By then, Matunik and I had abandoned Bobo for a much sunnier spot on the beach. We watched the boys and relaxed.
"So Jimbo can YOU roll yourself back into an empty floating canoe like those kids?"
"Not lately, Chief", I replied.
We contemplated our graying hair.
We agreed the splashing bode well for our chances of departure the next day. Sca-ish's body and spirit seemed to be mending nicely!
Morning arrived. Soft raindrops pattered soothingly upon the tarp of my Clark's Jungle hammock. Equally tranquilizing waves lapped just a few feet away. Together, they lulled me into further dozing. Since no one in camp was moving, anyway, I totally lacked any incentive to leave my comfortable pea pod. As I swayed gently on my breezy point, my unfocused gaze rested upon distant treetops on Emerald Island. They seemed to hover ~ dreamlike - above low-hanging mists contributing further to my drowsiness.
Grit scraping harshly under someone's boots on bedrock roused me suddenly from the depths of my stupor. The familiar voice of Magic Paddler followed.
"Mornin', Magic! How's the boy feelin'?"
"Dead to the world, right now. His dad says they're ready to move on, though."
"Great news! Hey, whadya think about paddlin' south through the B's? I understand beavers have raised havoc over on Deux Rivieres this spring."
"Fine by me. Bud, Bisk, Beg lakes are new for me."
"Let's do'er, then, eh?"
Morning showers abated. Under heavy cloud cover, Matunik and I reached the Bisk dam around Noon. While fishing Smallies in the outflow and waiting on the others, we spotted a huge brown shape ambling along the distant grassy shoreline. While it could only have been a moose, our humbling experience with "Bubo Virginianus" the day before kept us uncertain. Easterly breezes, suggesting rain, pushed us along the northern shoreline. We drifted towards Beg Lake. There, the rest of the group caught up to us and skies darkened.
"A humdinger of a storm brewin'" observed Quentin, pulling alongside us in his Bell Magic.
"You don't like the weather up here, just wait five minutes it'll change" Matunik responded, rhetorically, to the newbie. My paddling partner was a blossoming Quetico "veteran".
Five minutes later, conditions had, indeed, deteriorated. We donned our rain gear.
By the time we reached the short portage into Fern Lake, the bottom had dropped out of the clouds, immersing us in a real frog-strangling downpour. Hurriedly, we propped canoes into the crooks of trees, using them as makeshift shelters. A virtual stream flowed over the massive rock outcropping we crouched on. Matunik and I used the interlude to fix peanut butter and jelly tortillas. Meanwhile, fat rapid-fire raindrops from the squall pounded the Kevlar skin of my SR17, fixed over our heads. We had to shout to our comrades ~ just meters away - to be heard above the awful racket. Sheets of waterfall poured on either side of us.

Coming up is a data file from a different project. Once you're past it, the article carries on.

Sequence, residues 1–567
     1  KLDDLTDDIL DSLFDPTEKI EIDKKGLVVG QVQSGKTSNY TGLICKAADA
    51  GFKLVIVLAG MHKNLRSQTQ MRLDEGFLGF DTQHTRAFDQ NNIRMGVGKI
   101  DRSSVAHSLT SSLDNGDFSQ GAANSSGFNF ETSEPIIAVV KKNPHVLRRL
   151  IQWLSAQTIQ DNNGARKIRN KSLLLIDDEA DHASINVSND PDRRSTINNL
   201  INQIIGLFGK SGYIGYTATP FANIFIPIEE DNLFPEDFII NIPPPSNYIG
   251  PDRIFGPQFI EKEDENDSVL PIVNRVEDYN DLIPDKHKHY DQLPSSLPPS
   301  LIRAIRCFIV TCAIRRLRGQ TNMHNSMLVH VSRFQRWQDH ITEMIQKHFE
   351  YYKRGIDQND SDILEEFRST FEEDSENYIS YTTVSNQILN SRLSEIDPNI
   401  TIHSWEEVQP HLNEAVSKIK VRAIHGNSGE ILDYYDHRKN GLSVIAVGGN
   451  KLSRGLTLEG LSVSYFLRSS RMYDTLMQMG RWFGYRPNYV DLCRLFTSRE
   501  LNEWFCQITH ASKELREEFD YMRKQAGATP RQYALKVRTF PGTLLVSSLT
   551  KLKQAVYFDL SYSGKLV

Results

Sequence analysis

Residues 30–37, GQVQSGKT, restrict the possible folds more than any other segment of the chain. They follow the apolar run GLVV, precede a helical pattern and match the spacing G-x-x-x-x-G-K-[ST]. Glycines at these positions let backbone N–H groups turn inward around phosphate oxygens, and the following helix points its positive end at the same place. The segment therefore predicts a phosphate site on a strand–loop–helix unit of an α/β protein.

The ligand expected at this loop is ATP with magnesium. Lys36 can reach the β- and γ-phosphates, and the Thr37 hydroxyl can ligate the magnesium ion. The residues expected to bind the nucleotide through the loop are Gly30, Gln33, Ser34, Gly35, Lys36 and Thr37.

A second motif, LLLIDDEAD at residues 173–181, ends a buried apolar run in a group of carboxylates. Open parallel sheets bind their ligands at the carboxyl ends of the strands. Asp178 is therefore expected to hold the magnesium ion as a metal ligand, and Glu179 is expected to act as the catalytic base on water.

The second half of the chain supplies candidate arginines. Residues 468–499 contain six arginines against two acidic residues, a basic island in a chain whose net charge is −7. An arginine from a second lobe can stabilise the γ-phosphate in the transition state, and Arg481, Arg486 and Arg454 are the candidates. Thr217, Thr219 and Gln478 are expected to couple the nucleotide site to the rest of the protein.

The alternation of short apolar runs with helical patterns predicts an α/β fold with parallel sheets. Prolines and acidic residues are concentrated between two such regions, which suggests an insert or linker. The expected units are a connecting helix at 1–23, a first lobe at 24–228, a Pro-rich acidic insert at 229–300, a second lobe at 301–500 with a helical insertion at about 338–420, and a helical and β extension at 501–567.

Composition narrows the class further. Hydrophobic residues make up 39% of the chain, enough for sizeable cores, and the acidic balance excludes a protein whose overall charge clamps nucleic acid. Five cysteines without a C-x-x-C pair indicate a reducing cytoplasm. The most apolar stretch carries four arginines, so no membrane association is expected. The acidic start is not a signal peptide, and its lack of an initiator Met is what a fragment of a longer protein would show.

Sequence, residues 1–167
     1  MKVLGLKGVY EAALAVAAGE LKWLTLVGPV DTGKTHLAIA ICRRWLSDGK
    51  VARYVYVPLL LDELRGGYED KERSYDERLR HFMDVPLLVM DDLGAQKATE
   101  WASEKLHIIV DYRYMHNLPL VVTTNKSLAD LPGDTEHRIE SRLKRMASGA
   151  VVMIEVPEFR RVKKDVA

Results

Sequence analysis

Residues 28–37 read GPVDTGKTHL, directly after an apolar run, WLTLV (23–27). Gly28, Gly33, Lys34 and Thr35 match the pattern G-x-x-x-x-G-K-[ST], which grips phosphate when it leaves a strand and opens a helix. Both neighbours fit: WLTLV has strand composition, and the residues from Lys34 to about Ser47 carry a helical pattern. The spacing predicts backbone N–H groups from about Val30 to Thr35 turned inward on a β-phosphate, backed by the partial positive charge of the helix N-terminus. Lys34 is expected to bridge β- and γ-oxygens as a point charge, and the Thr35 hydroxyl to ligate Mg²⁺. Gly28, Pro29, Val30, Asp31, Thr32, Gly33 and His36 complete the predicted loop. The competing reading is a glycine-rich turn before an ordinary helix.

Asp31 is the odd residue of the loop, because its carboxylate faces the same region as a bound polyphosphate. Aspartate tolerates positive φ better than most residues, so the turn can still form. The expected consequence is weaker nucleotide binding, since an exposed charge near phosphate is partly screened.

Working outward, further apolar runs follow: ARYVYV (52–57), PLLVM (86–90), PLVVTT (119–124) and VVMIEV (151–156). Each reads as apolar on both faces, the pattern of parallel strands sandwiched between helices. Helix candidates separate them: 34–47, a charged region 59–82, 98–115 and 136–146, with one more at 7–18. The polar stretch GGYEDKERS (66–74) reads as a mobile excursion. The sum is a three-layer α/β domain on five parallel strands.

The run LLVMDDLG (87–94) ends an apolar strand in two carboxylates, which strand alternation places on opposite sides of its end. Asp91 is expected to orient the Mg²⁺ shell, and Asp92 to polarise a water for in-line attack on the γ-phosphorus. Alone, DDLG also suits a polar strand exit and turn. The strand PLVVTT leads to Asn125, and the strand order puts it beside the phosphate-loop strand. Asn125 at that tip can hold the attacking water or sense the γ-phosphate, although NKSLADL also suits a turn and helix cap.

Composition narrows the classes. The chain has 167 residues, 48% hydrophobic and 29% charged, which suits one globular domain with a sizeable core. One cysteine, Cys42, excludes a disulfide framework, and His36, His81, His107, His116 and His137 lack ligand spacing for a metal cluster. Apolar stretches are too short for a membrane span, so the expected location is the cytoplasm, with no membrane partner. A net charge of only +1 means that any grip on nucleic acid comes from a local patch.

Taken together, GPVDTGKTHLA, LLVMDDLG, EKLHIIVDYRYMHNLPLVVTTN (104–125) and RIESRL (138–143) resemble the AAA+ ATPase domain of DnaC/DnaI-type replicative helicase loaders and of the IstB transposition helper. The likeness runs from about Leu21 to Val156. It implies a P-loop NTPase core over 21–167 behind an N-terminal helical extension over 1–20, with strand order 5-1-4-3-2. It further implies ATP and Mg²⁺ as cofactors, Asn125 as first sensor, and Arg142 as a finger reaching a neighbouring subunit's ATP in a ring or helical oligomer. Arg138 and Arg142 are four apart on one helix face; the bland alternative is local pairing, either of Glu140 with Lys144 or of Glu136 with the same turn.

"Hey, Jimbo! Stop at Oliphaunt Lake tonight, OK?" yelled Magic Paddler, barely audible above the din.
I pondered my response. We had gotten a very late start. Already it was mid-afternoon and we had the mile-plus Fern-to-Oliphaunt portage just ahead of us in monsoon conditions, no less. Russell Lake had been today's goal. We really did not know our group capabilities. Continuing on to Russell Lake might be pushing our luck.
"Sure." I yelled. "We'll claim a site on the north shore."
When the raindrops let up, Matunik and I raced ahead.
We found the portage challenging. Torrential rain induced cascades which almost washed us down the path to Oliphaunt Lake. I suspect that the gorge alongside the trail was picturesque, but conditions seldom allowed us to take our eyes off of our footing.
By the time we reached the far end, the rain had ended. Skies opened up a little, the wind shifted dramatically, and stiff westerly breezes greeted us. Exhausted, Matunik and I eyeballed this new challenge of rising whitecaps and, then, each other.
"Onward!" is all he said.
We propelled our trusty SR17 through spray and blustery wind into bright but setting sunshine. Before long, I heard new verses to a familiar tune rising above the symphony of wind, waves, and 'kerplunks' as our paddles bit into Oliphaunt Lake.
Singing a song
Nothing but bluebirds
All day long.
All of them gone
Nothing but blue skies
From now on."
"Hey! You remembered some words, eh?" I shouted to the bow.
"A few." Matunik acknowledged. Once again, I sang along.